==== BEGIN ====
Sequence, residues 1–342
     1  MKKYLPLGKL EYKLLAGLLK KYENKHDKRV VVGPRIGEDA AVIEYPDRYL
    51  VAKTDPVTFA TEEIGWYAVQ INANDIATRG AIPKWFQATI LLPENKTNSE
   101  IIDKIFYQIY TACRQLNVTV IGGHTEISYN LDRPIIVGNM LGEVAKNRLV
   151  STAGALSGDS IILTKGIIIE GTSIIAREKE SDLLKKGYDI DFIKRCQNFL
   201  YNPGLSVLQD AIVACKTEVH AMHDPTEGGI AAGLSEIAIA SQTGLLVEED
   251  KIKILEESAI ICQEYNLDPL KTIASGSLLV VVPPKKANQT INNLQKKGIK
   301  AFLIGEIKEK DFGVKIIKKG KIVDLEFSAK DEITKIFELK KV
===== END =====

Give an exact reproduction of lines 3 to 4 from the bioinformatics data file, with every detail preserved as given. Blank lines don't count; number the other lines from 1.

    51  VAKTDPVTFA TEEIGWYAVQ INANDIATRG AIPKWFQATI LLPENKTNSE
   101  IIDKIFYQIY TACRQLNVTV IGGHTEISYN LDRPIIVGNM LGEVAKNRLV